A refurbished Main Street Electrical Parade returned to Disney California Adventure in 2001 as Disney's Electrical Parade, in an attempt to bolster that park's originally disappointing attendance. But no nighttime electrical parade has played at Disneyland since.

Until this weekend, when Paint the Night debuts.

Paint the Night first stepped off at Hong Kong Disneyland last fall. Billed as Disney's first-ever fully LED parade, Paint the Night features more than 740,000 individual lights on seven units themed to various Disney franchises. The parade pays tribute to the Main Street Electrical Parade by using Baroque Hoedown as a musical motif throughout. You can see the entire Hong Kong version of the parade below:

If you are wondering about the name, Hong Kong Disneyland has been selling light-up, interactive "paintbrushes," with which guests can change the colors of the lights on performers by waving the brushes at them, effectively allowing viewers to "paint the night."

The Disneyland version of Paint the Night will add a Frozen-themed "Frozen Fractals" parade unit, a recreation of Elsa's ice castle followed by dancers made to look like snowflakes. UPDATE: Here is a look at that new float, just released by Disney:

Paint the Night's modern LEDs allow the parade a much livelier visual appearance than the Main Street Electrical Parade's mid-20th-century technology of blinking fairy lights. Throw in a collection of beloved Disney franchises, with a modern remix of the original electrical parade's theme song to tie them all together, and Disneyland might, finally, have a worthy successor to the parade that made Disney parades famous.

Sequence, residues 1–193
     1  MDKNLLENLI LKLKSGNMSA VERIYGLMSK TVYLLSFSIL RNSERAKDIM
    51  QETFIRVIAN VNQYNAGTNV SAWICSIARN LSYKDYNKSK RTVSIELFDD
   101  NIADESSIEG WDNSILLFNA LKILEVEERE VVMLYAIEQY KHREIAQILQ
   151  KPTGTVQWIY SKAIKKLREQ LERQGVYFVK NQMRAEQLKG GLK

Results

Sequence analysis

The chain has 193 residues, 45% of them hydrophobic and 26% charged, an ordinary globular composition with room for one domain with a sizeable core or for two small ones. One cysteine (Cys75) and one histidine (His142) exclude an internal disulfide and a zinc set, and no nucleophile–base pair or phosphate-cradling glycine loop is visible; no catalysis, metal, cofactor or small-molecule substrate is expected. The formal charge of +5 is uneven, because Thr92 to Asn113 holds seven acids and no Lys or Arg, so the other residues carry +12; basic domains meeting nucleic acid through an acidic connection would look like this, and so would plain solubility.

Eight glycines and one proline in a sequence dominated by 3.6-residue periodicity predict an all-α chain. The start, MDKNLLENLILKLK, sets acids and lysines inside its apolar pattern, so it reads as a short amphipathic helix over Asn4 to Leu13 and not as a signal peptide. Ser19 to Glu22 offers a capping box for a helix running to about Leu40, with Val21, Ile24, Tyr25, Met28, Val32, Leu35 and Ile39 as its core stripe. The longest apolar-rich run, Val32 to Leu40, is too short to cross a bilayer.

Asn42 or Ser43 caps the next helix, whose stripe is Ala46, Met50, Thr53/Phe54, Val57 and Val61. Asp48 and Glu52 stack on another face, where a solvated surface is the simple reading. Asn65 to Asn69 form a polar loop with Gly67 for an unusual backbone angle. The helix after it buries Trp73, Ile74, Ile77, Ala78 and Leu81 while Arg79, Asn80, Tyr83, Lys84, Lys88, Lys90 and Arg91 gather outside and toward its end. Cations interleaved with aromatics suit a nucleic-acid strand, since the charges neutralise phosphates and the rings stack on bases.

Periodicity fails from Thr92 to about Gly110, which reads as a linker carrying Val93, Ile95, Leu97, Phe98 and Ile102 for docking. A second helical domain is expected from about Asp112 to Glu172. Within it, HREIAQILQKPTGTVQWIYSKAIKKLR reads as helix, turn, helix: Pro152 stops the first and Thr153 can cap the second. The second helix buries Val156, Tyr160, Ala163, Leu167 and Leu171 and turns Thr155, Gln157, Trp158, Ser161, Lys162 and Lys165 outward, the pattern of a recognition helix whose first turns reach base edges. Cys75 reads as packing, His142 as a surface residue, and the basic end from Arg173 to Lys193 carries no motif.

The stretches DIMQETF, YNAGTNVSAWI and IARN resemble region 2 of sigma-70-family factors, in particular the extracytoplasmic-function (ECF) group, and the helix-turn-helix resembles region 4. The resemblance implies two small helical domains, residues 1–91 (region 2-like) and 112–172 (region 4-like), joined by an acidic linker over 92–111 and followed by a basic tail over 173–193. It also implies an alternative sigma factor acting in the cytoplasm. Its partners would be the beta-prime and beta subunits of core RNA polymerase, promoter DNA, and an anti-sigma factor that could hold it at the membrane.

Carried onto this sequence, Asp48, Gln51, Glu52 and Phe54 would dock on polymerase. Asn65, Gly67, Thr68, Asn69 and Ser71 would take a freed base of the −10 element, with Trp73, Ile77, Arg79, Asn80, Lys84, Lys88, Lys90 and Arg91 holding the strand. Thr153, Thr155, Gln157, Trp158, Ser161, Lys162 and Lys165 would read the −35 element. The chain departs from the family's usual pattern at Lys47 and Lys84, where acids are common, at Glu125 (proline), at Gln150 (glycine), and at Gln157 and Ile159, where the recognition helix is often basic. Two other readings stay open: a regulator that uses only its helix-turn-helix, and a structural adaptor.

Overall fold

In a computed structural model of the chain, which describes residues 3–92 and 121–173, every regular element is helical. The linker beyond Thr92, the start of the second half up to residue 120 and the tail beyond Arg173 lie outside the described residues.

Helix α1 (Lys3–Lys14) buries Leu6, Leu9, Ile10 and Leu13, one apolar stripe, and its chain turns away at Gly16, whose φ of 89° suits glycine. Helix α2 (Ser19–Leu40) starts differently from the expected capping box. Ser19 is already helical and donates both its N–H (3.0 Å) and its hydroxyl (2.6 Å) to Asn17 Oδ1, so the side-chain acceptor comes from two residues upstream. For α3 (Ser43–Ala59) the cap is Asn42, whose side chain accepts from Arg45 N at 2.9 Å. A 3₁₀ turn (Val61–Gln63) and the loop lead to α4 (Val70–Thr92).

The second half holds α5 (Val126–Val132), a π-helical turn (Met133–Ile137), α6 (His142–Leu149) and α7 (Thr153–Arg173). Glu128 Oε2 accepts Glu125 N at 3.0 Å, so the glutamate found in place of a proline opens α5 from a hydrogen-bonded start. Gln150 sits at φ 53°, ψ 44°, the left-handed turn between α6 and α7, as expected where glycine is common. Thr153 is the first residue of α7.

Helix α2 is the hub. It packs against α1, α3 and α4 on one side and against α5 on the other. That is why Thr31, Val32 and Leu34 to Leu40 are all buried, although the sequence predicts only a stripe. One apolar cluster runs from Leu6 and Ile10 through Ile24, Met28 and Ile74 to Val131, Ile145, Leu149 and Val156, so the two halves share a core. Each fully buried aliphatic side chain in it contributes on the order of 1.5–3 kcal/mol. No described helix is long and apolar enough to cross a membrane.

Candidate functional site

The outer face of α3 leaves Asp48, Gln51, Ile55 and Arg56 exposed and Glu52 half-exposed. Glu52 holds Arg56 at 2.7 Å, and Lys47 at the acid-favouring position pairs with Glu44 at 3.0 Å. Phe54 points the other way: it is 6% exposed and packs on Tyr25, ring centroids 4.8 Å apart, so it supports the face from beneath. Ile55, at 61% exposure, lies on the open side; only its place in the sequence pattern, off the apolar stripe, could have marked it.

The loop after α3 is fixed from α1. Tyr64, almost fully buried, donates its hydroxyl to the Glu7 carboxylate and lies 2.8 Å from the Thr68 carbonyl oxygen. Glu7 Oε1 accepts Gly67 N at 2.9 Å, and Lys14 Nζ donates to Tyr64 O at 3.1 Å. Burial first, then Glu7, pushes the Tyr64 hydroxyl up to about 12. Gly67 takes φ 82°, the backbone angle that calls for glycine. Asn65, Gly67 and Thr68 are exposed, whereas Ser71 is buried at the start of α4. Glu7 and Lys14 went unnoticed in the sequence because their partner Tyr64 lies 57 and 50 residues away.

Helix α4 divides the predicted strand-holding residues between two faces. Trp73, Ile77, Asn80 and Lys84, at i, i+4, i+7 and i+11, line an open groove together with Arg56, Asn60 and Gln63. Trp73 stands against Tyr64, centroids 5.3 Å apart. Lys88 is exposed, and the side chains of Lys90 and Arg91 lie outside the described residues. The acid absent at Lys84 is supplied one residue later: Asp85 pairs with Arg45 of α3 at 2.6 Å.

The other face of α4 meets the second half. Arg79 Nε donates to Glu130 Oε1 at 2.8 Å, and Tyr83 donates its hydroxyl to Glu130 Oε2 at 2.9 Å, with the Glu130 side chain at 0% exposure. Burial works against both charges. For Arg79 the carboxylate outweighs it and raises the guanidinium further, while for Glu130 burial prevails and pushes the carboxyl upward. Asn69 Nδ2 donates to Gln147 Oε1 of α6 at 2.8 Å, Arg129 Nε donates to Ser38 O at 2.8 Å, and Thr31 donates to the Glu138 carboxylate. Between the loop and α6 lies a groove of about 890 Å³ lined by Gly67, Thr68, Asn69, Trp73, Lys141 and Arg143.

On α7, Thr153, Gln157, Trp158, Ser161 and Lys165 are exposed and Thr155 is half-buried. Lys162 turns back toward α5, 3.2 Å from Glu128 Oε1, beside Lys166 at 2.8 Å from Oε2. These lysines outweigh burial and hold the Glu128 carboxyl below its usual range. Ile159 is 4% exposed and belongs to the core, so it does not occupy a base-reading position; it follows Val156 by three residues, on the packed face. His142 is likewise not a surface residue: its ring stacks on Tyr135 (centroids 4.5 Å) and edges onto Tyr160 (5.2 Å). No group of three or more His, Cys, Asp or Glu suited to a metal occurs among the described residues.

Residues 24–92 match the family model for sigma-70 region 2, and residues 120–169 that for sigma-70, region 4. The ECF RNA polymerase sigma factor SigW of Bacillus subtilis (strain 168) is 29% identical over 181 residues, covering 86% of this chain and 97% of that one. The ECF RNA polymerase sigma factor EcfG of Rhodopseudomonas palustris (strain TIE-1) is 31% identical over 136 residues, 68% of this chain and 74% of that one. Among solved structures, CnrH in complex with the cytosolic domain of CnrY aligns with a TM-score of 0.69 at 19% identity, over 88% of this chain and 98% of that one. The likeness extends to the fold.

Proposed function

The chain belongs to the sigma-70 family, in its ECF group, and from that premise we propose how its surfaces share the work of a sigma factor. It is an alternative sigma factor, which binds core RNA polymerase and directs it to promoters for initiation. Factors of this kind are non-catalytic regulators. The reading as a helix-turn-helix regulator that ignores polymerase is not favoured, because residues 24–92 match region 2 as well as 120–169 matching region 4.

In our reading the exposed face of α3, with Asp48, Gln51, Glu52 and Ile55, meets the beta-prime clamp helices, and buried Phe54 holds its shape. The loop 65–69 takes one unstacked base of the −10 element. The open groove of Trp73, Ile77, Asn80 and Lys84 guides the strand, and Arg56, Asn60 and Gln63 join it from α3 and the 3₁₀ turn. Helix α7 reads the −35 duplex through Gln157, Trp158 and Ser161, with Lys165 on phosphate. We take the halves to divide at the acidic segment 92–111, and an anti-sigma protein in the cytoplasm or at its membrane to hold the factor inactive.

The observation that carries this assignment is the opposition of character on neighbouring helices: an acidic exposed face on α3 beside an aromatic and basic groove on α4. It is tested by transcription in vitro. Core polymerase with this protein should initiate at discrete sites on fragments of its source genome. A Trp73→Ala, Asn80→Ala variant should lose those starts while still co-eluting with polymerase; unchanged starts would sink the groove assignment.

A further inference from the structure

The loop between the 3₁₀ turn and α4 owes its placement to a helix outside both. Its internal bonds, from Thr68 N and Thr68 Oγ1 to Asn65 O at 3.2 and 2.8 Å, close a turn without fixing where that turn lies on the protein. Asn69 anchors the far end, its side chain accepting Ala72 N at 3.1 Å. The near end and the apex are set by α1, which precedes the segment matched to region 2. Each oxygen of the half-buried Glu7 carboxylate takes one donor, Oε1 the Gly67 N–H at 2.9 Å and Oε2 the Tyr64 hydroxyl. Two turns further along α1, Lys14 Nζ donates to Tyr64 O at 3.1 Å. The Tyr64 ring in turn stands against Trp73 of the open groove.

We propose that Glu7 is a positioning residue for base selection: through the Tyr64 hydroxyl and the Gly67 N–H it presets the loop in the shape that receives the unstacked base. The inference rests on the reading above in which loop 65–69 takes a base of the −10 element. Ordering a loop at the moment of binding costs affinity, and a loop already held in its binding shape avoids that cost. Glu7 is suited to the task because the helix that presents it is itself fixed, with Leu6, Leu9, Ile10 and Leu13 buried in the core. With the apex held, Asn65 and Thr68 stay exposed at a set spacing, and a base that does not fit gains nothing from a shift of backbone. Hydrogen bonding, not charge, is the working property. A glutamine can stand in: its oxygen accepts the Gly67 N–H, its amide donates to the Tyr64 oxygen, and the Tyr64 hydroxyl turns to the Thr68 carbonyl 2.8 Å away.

Or, at the very least, we'll now have something that will help more people finally get over that Light Magic mess.

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Replies (5)

May 18, 2015 at 12:21 PM · The part where guests get to change the colors on the performers's costumes is the most interesting part, but it also raises my biggest concern about the whole thing: what if two or more guests try to change the colors of a single costume at the same time?
May 18, 2015 at 12:59 PM · Then they both think they were successful?

A Hong Kong visitor would know for certain, but I don't think you choose the color. You just wave the brush and wait for a response.

May 18, 2015 at 6:37 PM · Well then it'll be fun seeing what random options you can do. (I'd probably have way too much fun with it)

May 19, 2015 at 4:36 PM · Don't forget the guy who arranged the ELP music and based the rest of the composition on the Perrey and Kingsley peice, who was also the guy who conceived the multi-sound zone parade route system and the control of it (it was even named after him for a while), Don Dorsey.
May 25, 2015 at 9:52 AM · What happens when one or more of these floats breaks down and becomes too expensive to fix or replace?